Chapter 8-2-2: Adjective Clauses
An adjective clause is a dependent clause which takes the place of an adjective in another clause or phrase. Like an adjective, an adjective clause modifies a noun or pronoun, answering questions like "which?" or "what kind of?" Consider the following examples:
the red coat
the coat which I bought yesterday
Like the word "red" in the first example, the dependent clause "which I bought yesterday" in the second example modifies the noun "coat." Note that an adjective clause usually comes after what it modifies, while an adjective usually comes before.
In formal writing, an adjective clause begins with the relative pronouns "who(m)," "that," or "which." In informal writing or speech, you may leave out the relative pronoun when it is not the subject of the adjective clause, but you should usually include the relative pronoun in formal, academic writing:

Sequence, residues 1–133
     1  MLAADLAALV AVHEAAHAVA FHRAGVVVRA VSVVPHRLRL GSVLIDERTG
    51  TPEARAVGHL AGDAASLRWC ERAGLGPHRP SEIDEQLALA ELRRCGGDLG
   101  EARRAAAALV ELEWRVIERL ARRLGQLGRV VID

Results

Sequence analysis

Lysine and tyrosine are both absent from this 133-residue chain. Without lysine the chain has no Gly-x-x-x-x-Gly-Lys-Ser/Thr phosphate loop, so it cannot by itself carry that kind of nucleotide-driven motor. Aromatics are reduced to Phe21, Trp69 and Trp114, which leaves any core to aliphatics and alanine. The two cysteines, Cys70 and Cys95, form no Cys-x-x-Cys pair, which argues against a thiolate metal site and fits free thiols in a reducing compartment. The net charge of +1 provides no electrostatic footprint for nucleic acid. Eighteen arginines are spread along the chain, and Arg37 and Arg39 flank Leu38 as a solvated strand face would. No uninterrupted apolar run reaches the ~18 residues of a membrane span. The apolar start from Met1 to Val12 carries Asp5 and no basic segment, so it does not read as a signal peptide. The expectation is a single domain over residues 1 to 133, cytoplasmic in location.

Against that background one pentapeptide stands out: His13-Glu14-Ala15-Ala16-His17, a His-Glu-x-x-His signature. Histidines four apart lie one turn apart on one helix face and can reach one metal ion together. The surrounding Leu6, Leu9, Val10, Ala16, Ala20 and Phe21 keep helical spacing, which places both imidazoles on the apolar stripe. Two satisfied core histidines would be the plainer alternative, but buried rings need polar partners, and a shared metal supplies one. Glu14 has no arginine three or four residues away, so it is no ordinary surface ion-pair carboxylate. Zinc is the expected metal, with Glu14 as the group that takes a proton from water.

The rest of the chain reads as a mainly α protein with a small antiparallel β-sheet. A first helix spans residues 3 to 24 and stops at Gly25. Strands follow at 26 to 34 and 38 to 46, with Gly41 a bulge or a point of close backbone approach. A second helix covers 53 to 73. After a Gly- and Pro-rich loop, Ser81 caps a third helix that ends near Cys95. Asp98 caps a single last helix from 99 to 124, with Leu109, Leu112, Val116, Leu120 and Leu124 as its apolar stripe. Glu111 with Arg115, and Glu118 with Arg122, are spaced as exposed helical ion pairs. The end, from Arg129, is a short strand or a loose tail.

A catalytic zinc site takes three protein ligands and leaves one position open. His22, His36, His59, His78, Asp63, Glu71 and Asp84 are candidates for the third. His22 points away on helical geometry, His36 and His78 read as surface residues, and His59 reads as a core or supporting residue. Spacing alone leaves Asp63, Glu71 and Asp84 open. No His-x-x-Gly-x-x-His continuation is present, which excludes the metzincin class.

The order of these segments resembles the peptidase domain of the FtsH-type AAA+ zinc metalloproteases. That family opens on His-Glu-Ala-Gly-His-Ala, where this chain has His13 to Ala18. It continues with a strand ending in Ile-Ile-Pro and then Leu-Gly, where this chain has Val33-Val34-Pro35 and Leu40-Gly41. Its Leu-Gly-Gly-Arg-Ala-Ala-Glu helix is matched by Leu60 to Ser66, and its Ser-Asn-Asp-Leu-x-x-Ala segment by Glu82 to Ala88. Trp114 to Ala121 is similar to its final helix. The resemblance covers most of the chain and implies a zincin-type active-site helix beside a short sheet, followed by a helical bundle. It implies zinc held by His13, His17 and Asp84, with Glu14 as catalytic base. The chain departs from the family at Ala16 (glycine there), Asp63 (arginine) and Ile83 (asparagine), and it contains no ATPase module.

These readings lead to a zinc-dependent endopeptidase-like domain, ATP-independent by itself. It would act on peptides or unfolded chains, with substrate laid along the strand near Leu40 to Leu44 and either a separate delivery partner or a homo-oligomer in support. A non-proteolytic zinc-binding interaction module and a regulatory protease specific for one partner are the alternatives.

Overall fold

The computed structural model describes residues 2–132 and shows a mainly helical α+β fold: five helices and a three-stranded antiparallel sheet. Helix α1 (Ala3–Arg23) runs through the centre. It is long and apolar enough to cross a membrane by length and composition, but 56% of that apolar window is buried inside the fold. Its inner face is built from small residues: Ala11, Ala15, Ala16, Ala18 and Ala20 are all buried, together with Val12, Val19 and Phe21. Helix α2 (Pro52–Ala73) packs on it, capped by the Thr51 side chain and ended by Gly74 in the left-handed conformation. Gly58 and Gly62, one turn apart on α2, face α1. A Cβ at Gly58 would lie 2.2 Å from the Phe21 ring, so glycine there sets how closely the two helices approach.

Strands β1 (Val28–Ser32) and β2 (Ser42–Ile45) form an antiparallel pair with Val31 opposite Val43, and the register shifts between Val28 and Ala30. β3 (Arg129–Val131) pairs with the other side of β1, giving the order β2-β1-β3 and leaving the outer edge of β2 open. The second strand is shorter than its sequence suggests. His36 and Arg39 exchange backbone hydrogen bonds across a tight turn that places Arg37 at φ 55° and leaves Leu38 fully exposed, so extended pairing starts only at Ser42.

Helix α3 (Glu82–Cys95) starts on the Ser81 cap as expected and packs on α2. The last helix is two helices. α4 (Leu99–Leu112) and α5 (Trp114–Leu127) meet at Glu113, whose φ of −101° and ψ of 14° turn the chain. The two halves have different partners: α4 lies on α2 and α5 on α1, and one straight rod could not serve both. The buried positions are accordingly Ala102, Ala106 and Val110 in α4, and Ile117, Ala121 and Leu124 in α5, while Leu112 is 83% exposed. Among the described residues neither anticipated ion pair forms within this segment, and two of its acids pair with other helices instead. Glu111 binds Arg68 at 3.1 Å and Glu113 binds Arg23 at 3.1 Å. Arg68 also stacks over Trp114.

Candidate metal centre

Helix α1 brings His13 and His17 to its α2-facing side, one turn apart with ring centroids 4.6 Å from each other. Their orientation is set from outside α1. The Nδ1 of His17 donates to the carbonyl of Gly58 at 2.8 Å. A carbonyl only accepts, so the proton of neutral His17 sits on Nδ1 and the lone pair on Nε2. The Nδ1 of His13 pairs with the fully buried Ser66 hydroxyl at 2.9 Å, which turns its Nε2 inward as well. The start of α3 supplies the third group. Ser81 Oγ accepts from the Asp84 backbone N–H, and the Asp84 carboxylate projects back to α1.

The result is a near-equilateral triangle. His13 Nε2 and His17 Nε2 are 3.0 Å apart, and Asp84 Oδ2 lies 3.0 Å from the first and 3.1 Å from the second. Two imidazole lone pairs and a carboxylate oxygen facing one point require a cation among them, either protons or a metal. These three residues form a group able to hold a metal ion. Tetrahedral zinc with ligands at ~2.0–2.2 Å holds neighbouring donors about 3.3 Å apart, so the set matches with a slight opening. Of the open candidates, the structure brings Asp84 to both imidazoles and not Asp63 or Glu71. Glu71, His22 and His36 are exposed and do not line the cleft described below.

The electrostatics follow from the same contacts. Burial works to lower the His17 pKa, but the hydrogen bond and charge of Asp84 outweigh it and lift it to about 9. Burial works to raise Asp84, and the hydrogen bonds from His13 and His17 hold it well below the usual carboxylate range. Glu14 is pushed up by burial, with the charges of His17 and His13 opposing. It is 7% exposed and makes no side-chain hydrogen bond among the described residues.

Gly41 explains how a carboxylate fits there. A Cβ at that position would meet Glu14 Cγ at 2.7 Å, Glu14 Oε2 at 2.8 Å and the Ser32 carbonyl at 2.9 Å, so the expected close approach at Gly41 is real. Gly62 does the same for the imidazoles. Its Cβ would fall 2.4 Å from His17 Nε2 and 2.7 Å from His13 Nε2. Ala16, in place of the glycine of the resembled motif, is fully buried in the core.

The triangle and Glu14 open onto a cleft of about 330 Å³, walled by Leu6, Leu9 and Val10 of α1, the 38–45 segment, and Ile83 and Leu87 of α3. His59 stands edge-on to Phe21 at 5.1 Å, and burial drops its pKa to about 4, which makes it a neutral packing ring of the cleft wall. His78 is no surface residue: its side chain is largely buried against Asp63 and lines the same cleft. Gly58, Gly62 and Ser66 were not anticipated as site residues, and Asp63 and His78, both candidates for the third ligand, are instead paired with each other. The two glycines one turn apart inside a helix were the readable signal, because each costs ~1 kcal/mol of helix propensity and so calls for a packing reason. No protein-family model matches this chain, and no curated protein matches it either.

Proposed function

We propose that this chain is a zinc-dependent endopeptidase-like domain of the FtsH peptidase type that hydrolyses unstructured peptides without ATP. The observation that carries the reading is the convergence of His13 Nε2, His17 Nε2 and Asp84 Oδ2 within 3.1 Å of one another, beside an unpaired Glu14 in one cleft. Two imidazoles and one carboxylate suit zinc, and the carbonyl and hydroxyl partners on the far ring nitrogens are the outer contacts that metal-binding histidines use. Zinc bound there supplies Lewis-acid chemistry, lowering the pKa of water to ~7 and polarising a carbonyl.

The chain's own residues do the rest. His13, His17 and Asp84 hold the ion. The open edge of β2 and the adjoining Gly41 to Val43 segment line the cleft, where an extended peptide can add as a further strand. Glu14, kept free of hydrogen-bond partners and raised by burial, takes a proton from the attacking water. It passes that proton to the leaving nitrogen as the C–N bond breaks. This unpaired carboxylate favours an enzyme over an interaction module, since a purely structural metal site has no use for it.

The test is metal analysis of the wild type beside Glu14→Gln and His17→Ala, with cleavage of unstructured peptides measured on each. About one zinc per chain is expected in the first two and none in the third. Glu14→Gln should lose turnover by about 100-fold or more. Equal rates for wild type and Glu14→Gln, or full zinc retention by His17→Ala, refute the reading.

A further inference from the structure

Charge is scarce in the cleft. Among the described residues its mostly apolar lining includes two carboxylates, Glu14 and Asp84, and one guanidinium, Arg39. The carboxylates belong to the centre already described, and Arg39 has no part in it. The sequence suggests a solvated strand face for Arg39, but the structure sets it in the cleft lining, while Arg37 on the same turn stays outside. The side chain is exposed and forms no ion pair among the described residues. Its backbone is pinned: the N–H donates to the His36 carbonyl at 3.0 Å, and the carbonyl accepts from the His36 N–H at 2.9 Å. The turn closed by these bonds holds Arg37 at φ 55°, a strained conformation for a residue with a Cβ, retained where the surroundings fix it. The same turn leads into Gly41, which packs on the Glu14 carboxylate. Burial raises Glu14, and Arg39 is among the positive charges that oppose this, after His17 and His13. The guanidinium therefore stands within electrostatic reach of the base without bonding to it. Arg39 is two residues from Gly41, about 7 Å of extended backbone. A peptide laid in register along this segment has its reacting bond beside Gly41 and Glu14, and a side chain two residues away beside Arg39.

The books people read were mainly religious.
The books that people read were mainly religious.
Some firefighters never meet the people they save.
Some firefighters never meet the people whom they save.
Here are some more examples of adjective clauses:
the meat which they ate was tainted
This clause modifies the noun "meat" and answers the question "which meat?".
about the movie which made him cry
This clause modifies the noun "movie" and answers the question "which movie?".
they are searching for the one who borrowed the book
The clause modifies the pronoun "one" and answers the question "which one?".
Did I tell you about the author whom I met?
The clause modifies the noun "author" and answers the question "which author?".